Monday, May 12, 2008

Google’s Cloud: Is the Enterprise Truly Ready?

Google is often seen as a fierce competitor to IBM and Microsoft since it has seen a surge in numbers of adoption of Google Apps, but its enterprise cloud structure isn’t quite where it should be yet. Searching the blogosphere, I came across this article from eWeek, in which Dave Rosenberg, CEO of MuleSource, shares that he is rather unimpressed with Google’s cloud, commenting that just because something is hosted it doesn’t make it a truly shared infrastructure.

The difference here between Google and other software is that Google’s services are delivered through a web browser, whereas other companies offer traditional software and servers that must be installed by the client. Dave Rosenberg mentions:

"We're seeing a lot of people who are using our software or other software between external systems, but the idea that we're all moving to the cloud is still probably five years away."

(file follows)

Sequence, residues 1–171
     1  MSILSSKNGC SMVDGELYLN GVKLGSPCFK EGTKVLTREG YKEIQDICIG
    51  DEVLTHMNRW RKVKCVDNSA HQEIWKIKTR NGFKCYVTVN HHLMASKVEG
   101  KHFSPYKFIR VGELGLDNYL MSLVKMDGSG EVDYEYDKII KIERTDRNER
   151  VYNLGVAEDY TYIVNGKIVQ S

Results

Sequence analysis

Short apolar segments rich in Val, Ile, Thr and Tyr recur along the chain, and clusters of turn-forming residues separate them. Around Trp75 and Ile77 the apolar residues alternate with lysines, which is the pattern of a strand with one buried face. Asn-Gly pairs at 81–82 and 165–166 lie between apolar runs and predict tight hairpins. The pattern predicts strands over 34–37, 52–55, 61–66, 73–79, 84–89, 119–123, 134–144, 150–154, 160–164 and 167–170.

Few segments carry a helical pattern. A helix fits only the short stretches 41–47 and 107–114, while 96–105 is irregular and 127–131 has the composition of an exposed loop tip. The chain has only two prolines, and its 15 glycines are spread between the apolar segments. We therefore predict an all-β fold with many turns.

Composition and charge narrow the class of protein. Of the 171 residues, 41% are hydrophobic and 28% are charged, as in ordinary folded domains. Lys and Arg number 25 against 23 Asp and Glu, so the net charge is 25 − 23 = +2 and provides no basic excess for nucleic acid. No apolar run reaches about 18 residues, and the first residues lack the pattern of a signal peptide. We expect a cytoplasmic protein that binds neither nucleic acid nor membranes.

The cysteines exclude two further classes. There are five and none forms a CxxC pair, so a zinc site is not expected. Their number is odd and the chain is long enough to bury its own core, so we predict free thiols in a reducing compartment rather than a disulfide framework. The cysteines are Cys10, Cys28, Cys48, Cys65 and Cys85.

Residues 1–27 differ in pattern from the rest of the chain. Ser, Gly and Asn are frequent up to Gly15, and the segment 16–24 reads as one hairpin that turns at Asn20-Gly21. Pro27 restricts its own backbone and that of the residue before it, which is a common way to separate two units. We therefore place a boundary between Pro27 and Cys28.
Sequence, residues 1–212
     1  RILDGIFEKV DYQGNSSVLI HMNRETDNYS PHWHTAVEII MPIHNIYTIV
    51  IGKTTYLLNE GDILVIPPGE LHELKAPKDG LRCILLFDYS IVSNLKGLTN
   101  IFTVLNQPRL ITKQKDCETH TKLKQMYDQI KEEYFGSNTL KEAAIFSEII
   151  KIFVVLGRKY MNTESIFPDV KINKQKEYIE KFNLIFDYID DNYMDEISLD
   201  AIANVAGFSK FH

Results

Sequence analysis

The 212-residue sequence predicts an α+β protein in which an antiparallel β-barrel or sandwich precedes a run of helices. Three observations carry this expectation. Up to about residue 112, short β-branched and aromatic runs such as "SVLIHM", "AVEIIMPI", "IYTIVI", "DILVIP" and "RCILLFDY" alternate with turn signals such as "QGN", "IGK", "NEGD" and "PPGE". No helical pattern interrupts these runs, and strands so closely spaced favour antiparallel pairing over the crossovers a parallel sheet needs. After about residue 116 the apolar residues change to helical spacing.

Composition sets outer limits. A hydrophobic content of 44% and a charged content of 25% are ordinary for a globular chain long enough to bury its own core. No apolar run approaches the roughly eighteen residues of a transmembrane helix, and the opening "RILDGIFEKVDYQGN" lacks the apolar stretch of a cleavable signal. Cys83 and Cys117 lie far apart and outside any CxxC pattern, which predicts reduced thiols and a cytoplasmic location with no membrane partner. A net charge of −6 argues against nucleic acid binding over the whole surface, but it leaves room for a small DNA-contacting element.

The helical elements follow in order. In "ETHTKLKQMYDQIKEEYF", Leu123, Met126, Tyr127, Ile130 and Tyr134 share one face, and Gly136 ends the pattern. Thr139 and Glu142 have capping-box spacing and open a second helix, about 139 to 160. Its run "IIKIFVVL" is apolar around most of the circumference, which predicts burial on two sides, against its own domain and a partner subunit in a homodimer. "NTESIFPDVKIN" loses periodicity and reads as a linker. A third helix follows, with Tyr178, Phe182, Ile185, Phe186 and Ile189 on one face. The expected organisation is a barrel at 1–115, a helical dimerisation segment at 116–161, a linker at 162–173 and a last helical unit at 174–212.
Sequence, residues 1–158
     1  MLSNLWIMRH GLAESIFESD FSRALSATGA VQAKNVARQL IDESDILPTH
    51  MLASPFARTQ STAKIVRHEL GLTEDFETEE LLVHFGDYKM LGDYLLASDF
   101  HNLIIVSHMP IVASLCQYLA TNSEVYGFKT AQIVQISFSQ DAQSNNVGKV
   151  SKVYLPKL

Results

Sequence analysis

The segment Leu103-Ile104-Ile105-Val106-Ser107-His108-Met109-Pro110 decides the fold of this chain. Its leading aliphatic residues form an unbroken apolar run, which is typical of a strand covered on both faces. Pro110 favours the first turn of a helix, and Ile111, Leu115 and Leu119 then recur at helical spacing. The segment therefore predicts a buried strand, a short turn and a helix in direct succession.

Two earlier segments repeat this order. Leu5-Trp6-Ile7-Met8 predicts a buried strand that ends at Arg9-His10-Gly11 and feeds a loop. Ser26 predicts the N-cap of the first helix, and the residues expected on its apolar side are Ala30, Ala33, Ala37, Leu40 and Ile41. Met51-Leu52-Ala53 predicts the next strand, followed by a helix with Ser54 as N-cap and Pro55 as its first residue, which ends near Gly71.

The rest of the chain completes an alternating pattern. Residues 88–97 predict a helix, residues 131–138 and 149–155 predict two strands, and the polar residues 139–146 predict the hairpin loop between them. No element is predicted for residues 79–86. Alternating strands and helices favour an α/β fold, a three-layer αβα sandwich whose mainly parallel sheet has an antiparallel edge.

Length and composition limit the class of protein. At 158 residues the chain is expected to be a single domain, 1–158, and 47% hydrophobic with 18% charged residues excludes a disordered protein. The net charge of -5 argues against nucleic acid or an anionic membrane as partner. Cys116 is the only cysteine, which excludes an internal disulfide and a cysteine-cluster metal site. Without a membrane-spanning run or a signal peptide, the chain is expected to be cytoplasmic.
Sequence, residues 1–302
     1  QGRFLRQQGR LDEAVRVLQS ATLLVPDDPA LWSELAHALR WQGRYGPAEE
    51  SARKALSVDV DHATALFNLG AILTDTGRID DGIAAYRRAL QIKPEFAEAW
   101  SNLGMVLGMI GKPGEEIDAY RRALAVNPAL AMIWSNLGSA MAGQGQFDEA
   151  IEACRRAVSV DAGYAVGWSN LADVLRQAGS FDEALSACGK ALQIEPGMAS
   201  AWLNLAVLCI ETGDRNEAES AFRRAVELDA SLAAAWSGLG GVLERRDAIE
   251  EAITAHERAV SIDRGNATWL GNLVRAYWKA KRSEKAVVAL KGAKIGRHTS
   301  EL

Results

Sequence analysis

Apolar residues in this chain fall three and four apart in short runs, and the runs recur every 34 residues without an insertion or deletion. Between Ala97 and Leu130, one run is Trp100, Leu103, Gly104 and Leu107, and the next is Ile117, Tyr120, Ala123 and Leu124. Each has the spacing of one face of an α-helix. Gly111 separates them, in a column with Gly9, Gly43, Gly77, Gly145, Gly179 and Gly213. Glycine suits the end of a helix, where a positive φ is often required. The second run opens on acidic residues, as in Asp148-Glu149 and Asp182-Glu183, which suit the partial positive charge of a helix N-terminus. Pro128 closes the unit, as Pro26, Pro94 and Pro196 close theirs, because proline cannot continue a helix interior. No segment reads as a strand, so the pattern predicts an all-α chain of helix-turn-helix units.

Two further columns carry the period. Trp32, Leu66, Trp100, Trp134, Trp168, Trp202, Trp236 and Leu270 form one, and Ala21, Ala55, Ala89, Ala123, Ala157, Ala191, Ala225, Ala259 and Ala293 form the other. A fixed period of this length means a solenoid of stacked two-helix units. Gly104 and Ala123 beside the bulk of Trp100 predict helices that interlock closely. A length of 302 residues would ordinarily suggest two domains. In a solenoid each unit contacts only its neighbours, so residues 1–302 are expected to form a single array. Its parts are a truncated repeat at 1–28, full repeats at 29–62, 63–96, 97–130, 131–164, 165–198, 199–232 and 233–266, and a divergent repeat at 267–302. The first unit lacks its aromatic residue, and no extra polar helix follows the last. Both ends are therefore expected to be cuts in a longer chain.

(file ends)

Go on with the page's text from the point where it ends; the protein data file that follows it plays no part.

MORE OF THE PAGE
Dave believes that there are certain reasons why the enterprise is slow to move into the “cloud”.

  1. SAAS providers like keep customers locked into their own technology, thus defeating the purpose of SOA.
  2. The Google Apps engine is written in only one language, Python. If there was more language support, adoption from the enterprise would come much sooner.

Rosenberg’s solution is that one of the 3 big vendors IBM, Sun or Hewlett-Packard must build huge datacenters to kick-start the future of cloud infrastructure in the enterprise. Do you think that step will truly help mold the use of the “cloud” in the enterprise?


Punit Pandey said...

Google has just started with Apps. Right now it is more for SMBs than Fortune companies. I think it is going to take few years before it takes on the server market.

Thiago said...

Thanks for reading our blog and participating in our community Punit.